In the wake of the recent Oscar nominations, the hand-wringing has begun over The Dark Knight, which was shut out of most major categories (with the notable exception of Heath Ledger's posthumous supporting-actor nod).
Was The Dark Knight robbed?
The Dark Knight was not entirely snubbed by the Academy of Motion Picture Arts and Sciences: It received eight Oscar nominations, most in technical categories, including cinematography and visual effects. (Although we recall that even 2007's critically reviled Norbit was nominated for an Oscar for best makeup.)
But contrary to high expectations, The Dark Knight got no major nominations: none for best picture, no nod for best director for Christopher Nolan, and no nod for its screenplay, by Jonathan Nolan and Christopher Nolan, from a story by David Goyer.
This despite a best-picture nod from the Producers Guild of America—considered a reliable predictor for best-picture nominees—and despite the movie's mammoth box office and almost universal critical acclaim. Of the 263 reviews posted on Rotten Tomatoes, only 16 are negative, qualifying the film as 94 percent fresh, and the New York Times, the Washington Post, USA Today and the Los Angeles Times are among the publications that have printed raves about the movie.
Which brings us back to the question: Why was The Dark Knight snubbed in major categories?
It's easy to chalk such decision-making up to critical elitism or to fall back on the familiar complaint that science fiction and fantasy films are almost always overlooked when the time comes to hand out the hardware.
But that's not really true. We've seen in recent years that film groups have become more willing to embrace fantastical adventures. The reasons are easy to see: More "serious" filmmakers are tackling this sort of material, and they're making better movies out of it. Bryan Singer's X-Men and Sam Raimi's Spider-Man demonstrated that comic-book movies could be serious and meaningful.
The academy has also demonstrated its increasing willingness to give its highest honor to films that were once considered outre: Peter Jackson won best director, and The Lord of the Rings: The Return of the King took home the prize for best picture. Even the academy couldn't ignore the scale of Jackson's vision and the magnitude of his accomplishment by the time the final film in his epic trilogy was released.
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The greatest evidence of this shift is this year's slew of nominations for the fantasy drama The Curious Case of Benjamin Button, which not only earned a shot at best picture but also collected a total of 13 nominations, the most of any film nominated in 2008.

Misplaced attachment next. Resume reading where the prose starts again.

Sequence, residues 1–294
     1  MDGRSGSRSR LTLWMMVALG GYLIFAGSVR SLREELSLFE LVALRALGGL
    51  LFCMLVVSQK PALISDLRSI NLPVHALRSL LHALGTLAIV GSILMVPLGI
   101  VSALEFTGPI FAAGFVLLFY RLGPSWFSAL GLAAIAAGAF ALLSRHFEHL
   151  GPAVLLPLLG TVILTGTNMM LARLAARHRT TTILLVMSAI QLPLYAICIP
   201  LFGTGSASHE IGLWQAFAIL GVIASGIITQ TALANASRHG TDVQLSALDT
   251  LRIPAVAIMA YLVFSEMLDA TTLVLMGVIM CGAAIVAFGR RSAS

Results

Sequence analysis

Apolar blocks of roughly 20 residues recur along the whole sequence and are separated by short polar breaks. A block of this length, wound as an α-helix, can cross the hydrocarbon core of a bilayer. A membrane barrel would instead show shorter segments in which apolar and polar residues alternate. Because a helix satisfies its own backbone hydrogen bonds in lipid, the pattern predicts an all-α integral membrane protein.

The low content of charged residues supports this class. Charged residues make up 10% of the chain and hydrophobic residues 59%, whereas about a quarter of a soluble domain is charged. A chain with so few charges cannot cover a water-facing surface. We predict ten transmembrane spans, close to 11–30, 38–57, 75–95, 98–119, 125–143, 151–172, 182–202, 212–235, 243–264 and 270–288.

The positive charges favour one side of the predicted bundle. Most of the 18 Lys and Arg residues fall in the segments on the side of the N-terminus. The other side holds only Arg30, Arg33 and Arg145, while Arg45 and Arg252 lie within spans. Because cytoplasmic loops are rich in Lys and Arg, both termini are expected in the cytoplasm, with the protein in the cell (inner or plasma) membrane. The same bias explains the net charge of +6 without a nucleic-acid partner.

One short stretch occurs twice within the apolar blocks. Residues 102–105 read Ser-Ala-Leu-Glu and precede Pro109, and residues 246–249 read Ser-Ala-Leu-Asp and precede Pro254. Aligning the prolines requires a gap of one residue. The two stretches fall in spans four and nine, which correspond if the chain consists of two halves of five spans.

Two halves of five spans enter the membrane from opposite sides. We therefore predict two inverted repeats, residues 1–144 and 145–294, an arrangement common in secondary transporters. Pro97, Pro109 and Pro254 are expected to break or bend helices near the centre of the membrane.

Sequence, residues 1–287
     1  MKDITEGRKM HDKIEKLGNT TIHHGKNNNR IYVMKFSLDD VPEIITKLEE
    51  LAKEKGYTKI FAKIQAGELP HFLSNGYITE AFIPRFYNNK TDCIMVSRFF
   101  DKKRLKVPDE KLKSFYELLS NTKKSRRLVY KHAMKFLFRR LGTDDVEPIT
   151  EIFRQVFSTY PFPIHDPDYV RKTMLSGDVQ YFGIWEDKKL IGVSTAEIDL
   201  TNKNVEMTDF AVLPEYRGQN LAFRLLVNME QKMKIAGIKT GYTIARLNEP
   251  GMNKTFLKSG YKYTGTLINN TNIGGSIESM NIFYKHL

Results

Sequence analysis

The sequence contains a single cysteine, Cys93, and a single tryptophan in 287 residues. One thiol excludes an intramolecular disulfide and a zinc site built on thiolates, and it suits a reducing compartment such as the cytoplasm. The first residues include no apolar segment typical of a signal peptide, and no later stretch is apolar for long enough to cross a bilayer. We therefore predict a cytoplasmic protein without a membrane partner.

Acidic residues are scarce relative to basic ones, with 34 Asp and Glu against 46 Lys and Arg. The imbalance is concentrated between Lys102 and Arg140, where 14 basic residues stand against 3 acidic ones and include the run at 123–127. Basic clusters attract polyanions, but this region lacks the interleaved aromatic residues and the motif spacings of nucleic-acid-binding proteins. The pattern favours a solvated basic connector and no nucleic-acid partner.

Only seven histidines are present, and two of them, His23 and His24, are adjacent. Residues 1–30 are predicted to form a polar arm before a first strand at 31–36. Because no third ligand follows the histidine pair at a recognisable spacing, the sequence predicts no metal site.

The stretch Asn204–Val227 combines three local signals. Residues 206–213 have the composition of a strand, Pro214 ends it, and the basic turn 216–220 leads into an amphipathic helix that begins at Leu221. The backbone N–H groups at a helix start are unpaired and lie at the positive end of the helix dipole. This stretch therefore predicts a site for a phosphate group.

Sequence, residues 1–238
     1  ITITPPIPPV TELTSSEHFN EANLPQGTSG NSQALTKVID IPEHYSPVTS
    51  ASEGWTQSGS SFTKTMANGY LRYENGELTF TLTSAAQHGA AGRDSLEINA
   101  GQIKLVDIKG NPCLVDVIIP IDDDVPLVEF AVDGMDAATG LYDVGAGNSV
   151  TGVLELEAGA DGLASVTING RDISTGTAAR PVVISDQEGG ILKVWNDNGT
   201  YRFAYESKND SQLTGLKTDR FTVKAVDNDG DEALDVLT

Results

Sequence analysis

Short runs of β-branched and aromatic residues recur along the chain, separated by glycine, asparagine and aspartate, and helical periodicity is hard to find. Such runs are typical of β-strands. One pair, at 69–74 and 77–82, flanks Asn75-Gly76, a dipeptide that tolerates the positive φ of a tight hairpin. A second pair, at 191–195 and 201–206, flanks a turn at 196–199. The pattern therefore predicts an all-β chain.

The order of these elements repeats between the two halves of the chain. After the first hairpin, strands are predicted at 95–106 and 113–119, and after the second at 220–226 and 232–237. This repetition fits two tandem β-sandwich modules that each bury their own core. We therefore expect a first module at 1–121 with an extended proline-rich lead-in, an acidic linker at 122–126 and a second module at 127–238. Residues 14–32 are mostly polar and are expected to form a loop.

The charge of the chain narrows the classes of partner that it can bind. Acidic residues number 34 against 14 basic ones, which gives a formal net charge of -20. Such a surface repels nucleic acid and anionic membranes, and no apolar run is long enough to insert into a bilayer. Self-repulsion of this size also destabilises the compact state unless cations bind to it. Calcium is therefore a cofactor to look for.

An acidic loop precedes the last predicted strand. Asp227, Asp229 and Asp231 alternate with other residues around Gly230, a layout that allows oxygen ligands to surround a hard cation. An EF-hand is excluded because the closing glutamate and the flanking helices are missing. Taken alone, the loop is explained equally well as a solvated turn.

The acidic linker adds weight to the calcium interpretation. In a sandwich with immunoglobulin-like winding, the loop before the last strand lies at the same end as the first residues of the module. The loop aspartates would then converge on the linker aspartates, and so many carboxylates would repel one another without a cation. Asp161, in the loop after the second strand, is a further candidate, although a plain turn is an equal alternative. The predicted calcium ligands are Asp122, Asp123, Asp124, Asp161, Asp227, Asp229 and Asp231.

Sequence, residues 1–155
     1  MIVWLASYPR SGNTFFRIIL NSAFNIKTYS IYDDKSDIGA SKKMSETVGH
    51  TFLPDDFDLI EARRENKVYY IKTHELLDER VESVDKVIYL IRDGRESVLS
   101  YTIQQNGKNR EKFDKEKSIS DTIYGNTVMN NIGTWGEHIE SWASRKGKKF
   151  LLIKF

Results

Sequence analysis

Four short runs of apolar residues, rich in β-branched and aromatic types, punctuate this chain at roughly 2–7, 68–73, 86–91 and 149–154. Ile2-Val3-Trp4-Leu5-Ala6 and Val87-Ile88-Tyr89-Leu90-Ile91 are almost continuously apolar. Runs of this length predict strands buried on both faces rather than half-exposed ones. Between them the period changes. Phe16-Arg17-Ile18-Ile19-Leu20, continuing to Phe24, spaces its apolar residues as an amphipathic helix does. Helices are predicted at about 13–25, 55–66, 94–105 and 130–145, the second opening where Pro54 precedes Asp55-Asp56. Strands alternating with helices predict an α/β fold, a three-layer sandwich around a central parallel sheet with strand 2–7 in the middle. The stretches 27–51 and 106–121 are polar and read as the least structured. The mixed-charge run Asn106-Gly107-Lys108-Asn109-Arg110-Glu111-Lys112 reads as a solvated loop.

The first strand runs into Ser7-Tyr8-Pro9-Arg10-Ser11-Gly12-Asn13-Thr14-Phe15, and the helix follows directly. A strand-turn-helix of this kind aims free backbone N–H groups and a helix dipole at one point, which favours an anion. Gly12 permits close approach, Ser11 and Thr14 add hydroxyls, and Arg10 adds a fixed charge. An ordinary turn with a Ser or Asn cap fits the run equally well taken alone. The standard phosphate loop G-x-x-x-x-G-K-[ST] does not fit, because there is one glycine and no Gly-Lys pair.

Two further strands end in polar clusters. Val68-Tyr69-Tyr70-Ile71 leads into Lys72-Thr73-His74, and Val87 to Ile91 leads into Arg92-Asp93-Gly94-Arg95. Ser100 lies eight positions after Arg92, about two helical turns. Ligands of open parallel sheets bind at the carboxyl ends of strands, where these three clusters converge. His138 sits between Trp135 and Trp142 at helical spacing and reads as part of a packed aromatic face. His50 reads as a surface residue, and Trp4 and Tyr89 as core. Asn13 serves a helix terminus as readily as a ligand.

There remains one likely reason that the academy didn't nominate The Dark Knight for major Oscars. A movie about a guy dressed up like a bat gives members the heebie-jeebies. I mean, it's one thing to single out a performance as brilliant as Heath Ledger's without celebrating it as a "Batman" role. But maybe the academy just feels it would be going too far to give its highest award to a movie about Batman, no matter how brilliant Nolan's movie.
After all, we all have our prejudices and are reluctant to let go of them, whether they involve Eddie Murphy fat-suit movies, Carrot Top, Jerry Lewis or angry guys in batsuits. There's a lot of residual distaste for the Caped Crusader left over from Joel Schumacher's Batman movies, and many academy members are probably old enough to recall Adam West's campy 1960s TV series. Give a best-picture Oscar to the latest installment in that franchise? Unlikely.
Of course, it's possible there are other reasons. The academy tends to favor certain kinds of "prestige" movies, feel-good movies, movies with certain actors (Meryl Streep), movies promoted heavily by certain producers (hello, The Reader's Harvey Weinstein), movies by certain directors (Clint Eastwood, though even his Gran Torino got snubbed this year). There's hardly room for the out-of-the-box nomination The Dark Knight represents.
Or maybe The Dark Knight's own success has led to a backlash. The Dark Knight has reached the level of "cultural phenomenon," which often equals "overrated" among some critics. Popularity gives critics an excuse to dismiss a movie: It's already earned its (mainly financial) reward.
There is this consolation: The fact that The Dark Knight was snubbed for major Oscar nominations puts it in good company. Other benchmark science fiction or fantasy films not nominated for best picture include 2001: A Space Odyssey, Alien, Blade Runner, Terminator 2: Judgment Day, The Matrix and Spider-Man 2. All of these are considered to be among the best movies of any genre in the respective years in which they were released.
Like these beloved films, The Dark Knight can look forward to ultimate vindication in the form of a cinematic legacy that will far outlast the momentary glory of Oscar night, no matter how many statuettes actually end up on its makers' mantels.